The short Zacchaeus, the hated wealthy chief tax collector, considered a chief “sinner,” wanted nothing more than to see Jesus. Luke 19:1-10 recounts him climbing a sycamore to get a better glimpse of Jesus, as the crowd was blocking him.
“I’d like you to think of the LGBT person as Zacchaeus,” said Father James Martin, SJ. “… How often does the crowd get in between LGBT people and Jesus?”
Jesus sees Zacchaeus and chooses to stay at his home above all the rest.
“That’s all LGBT people want. They want to see who Jesus is, like we all do.”
Father Martin, a renowned author of 12 books, consultant to the Vatican’s secretariat for communications and editor-at-large of the Jesuit magazine America, was the guest speaker via video chat to Pax Christi Little Rock members and others who came to hear his presentation on his 2017 book, “Building a Bridge: How the Catholic Church and the LGBT Community Can Enter Into a Relationship of Respect, Compassion and Sensitivity.”
For two months, members of Pax Christi, a chapter of the national Catholic social justice organization that promotes peace, completed a book study on “Building a Bridge.”
The book focuses on welcoming lesbian, gay, bisexual and transgender people. Father Martin acknowledged the book has drawn controversy, when “people on the left said ‘not far enough.’ People on the right said ‘too far.’”
“That’s the point. Each group has to take a step to meet in the middle, but I think we can do it because there’s a deep desire for reconciliation in the Church,” Father Martin said. “And as Jesus says, he prays that we all might be one.”
His hour-long presentation followed by a Q&A to a filled room in Fitzgerald Hall at St. John Center, which was also attended by Bishop Anthony B. Taylor, focused on first understanding that the LGBT community in the Catholic Church exists, and how people of faith can respond with compassion rather than judgments. Father Martin said LGBT Catholics in the Church deserve respect, which means being called by what they choose.
“If you met me and you called me Jimmy and I said, ‘Please call me Jim’ and you persisted in doing that in front of other people, people would think that’s a little rude,” he said.
Just as black people are not referred to as “negros, how “people with disabilities” is preferred rather than “disabled people,” so should Church leaders and parishioners, “be attentive to the names we give to the LGBT person.”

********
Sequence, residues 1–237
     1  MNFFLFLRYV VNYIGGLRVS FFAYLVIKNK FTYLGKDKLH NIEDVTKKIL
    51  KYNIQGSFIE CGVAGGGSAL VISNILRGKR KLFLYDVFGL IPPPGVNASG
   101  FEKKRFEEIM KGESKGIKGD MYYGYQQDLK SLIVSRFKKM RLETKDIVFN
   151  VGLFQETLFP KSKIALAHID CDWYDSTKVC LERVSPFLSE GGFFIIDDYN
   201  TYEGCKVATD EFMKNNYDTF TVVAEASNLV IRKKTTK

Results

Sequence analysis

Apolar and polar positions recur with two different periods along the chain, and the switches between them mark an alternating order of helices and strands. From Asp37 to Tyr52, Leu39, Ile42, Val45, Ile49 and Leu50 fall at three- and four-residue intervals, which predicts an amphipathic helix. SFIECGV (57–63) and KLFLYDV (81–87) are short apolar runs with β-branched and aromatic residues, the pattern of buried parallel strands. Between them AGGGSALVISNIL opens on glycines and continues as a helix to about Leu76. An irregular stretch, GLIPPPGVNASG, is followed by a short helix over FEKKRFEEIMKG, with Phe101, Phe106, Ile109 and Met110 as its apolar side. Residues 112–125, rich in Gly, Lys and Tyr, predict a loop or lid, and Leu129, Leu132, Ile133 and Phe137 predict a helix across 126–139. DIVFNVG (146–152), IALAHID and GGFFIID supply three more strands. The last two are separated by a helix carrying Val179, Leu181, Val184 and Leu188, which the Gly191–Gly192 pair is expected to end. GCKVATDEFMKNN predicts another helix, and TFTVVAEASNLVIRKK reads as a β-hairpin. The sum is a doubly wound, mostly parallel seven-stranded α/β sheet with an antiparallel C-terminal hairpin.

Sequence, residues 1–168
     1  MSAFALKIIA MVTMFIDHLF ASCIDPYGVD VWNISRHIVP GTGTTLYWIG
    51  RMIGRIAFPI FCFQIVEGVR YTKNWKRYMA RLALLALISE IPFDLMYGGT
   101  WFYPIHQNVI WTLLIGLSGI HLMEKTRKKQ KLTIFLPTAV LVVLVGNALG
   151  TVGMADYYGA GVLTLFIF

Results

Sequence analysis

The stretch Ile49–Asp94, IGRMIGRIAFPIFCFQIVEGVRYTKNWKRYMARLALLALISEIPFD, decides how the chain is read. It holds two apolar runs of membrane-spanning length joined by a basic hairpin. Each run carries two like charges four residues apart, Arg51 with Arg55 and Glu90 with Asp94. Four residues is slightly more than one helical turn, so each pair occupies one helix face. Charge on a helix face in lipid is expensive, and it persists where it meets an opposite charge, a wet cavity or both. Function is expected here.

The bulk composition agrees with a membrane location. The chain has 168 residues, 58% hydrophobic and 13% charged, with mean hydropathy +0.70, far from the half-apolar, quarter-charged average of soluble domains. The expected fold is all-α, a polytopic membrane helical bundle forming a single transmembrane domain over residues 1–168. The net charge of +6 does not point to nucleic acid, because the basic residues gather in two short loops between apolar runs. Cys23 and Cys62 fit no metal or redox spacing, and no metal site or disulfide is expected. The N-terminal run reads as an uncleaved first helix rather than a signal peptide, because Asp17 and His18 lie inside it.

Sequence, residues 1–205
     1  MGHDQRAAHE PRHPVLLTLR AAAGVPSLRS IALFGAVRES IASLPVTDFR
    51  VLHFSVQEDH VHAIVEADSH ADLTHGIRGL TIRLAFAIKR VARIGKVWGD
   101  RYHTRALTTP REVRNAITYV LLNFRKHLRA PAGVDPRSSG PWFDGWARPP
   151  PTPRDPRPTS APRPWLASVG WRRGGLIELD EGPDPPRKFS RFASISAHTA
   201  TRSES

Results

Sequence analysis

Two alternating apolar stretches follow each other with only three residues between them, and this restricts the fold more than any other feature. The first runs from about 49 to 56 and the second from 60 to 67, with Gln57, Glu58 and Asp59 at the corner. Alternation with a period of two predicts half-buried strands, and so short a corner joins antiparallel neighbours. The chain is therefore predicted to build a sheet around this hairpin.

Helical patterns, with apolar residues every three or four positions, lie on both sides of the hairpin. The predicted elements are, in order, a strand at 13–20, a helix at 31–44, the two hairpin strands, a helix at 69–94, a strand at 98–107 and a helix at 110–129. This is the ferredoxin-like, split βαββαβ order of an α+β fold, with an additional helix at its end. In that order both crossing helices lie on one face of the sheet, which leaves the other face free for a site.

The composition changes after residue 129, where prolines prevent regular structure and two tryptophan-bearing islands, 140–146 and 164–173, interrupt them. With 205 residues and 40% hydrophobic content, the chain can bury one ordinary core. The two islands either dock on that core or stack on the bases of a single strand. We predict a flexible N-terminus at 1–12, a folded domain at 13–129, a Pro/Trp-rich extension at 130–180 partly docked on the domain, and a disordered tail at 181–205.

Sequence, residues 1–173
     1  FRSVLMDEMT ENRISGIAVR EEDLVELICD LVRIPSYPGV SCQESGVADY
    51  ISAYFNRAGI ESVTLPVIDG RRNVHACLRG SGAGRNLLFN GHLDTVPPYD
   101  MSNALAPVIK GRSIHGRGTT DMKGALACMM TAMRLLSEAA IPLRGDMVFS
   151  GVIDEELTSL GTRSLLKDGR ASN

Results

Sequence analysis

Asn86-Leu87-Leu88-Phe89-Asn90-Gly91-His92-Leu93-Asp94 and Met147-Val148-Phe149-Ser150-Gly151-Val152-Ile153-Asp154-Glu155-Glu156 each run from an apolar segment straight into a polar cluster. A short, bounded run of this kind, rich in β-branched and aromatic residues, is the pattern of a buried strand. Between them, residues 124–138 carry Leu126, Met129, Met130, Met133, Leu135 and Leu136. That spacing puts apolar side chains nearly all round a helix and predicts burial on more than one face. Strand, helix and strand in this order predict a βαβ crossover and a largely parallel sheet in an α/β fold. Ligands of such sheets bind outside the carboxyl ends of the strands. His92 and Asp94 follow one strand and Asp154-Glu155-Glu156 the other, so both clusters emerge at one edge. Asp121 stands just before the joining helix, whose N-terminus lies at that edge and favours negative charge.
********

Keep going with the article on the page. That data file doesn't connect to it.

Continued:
“So let us finally lay to rest phrases like ‘afflicted with same-sex attraction,’ which no LGBT person I know uses. Or homosexual person, which deems overly clinical to many,” Father James said. “We need to listen to them and what they want to be called. That’s simple human respect. And frankly if Pope Francis, this 81-year-old Argentine Jesuit, can use the word ‘gay’ so can everybody else.”
Just as every baptized person in the Catholic faith brings individual gifts to the Church, so do Catholic LGBT people. Father Martin said because most have “endured misunderstanding, prejudice, hatred, persecution and violence,” LGBT people tend to have a heart for those on the margins and those gifts should be celebrated.
“They persevere. I’ve been saying this more and more lately. I think often the faith of the LGBT person is stronger because they have to really push back and persevere and find their own place in the Church in the midst of real persecution.”
Listening is key when it comes to understanding the journey of faith for an LGBT person. Father Martin pointed to questions Catholics can ask including, “What was it like growing up as a gay boy? A Catholic boy who is gay, what was that like? What was is like growing up as a girl who is attracted to other girls? What’s it like, very important question for Catholics to ask today because we know so little about it, what’s it like being a transgender person? … What’s your experience of the Church like? Who is Jesus for you? How do you see Jesus, whose God for you … how have you been treated in the Church?”
Ministry to the LGBT community also reaches to Catholics with LGBT relatives and finding out “what does that do to you in terms of your idea of love and acceptance,” he said.
LGBT people should “respect the bishops as teachers … treating them with dignity, which sometimes LGBT people don’t do,” he said.
Erin Frost, a junior with the Catholic Campus Ministry at the University of Central Arkansas in Conway, attended the presentation with fellow college students.
“I think it was very much important how we need to be open to them … to listen,” Frost said. “To be honest, I’m very happy to see someone like Father Martin and the Catholic Church as a whole start to accept the LGBT community.”
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